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Nationals First Baseman Ryan Zimmerman Sues Al Jazeera Over Steroid Documentary

Photograph by Flickr user Mr. T in DC.

Ryan Zimmerman filed a lawsuit Tuesday night against Al Jazeera over a documentary the television network aired last month that included the veteran Nationals first baseman in a list of professional athletes who allegedly received performance-enhancing drugs from a pharmaceutical employee.

In the suit, filed in DC’s federal district court, charges Al Jazeera and two of its reporters with libel for airing the documentary, titled The Dark Side: Secrets of the Sports Dopers, which was based on claims that were recanted by their source, former pharmaceutical intern Charles Sly, before the broadcast.

Defendants knew full well that their ‘source’ had recanted his scandalous and untrue allegations against Mr. Zimmerman but, abdicating all journalistic responsibilities, Defendants nonetheless chose to publish their defamatory story in an attempt to stir scandal and increase Al Jazeera’s low ratings, no matter the cost to Mr. Zimmerman,” Zimmerman’s suit reads.

The broadcast included a segment in which Sly claimed to have known Zimmerman for six years and that the Nationals star had taken a supplement called Delta 2, which is banned by both Major League Baseball and the National Football League. “All of these statements concerning Mr. Zimmerman are categorically untrue,” the complaint reads. “Mr. Zimmerman has never taken Delta 2, human growth hormone, or any other steroid or other performance-enhancing substance banned by the MLB.”

Philadelphia Phillies first baseman Ryan Howard, who was also named in the documentary, filed a separate suit against Al Jazeera on Tuesday. In The Dark Side, which aired December 27, Sly is seen offering Al Jazeera reporter and now co-defendant Liam Collins, a former British hurdler, “something to use right now” to improve Collins’s conditioning. The program also featured Sly rattling off his since-disavowed anecdotes about a slew of high-profile US professional athletes, including Zimmerman, Howard, and, most famously, Denver Broncos quarterback Peyton Manning.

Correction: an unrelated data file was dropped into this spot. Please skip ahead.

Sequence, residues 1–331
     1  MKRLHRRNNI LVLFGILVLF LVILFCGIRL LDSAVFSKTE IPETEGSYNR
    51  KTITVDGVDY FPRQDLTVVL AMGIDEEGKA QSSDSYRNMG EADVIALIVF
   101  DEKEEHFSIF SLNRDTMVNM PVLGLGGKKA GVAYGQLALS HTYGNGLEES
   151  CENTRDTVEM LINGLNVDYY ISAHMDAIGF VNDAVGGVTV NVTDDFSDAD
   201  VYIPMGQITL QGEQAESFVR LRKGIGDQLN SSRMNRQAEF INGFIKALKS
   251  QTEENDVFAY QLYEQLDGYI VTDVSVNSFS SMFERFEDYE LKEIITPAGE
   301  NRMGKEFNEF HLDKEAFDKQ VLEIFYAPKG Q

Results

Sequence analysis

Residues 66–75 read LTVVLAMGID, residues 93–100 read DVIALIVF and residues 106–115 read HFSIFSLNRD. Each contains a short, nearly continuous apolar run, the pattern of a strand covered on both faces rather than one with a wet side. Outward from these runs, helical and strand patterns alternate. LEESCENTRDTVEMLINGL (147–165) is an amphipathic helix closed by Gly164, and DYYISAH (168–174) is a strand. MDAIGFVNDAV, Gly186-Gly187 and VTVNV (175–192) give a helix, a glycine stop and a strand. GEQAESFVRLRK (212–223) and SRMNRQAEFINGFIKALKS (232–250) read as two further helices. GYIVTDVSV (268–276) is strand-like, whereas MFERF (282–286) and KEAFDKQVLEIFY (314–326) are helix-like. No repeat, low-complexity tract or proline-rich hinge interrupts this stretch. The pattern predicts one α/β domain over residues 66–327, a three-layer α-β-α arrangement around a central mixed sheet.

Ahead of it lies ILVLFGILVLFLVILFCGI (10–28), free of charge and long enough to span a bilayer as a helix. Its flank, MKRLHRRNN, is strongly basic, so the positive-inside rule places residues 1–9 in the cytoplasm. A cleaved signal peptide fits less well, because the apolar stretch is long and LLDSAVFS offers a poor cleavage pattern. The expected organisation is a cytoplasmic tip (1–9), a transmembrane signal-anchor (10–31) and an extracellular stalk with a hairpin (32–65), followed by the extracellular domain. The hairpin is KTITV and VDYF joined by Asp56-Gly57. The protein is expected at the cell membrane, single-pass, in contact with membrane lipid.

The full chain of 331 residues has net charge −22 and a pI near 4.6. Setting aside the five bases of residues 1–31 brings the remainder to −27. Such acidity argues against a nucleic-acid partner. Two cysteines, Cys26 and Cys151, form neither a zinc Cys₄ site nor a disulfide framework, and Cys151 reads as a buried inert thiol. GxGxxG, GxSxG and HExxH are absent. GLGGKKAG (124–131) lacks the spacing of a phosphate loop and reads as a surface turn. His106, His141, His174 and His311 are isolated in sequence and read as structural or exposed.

The Nationals have been standing behind their 11-season veteran since the program aired. “Ryan has unequivocally stated that these allegations are false,” a team statement read. “The Lerner family and our organization fully support him.”

Zimmerman’s suit seeks compensation for unspecified damages, attorneys’ fees, and a retraction from Al Jazeera printed a newspaper with “nationwide distribution.” Zimmerman’s attorneys recommend the New York Times.

Read the full complaint:

Ryan Zimmerman v. Al Jazeera

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Benjamin Freed joined Washingtonian in August 2013 and covers politics, business, and media. He was previously the editor of DCist and has also written for Washington City Paper, the New York Times, the New Republic, Slate, and BuzzFeed. He lives in Adams Morgan.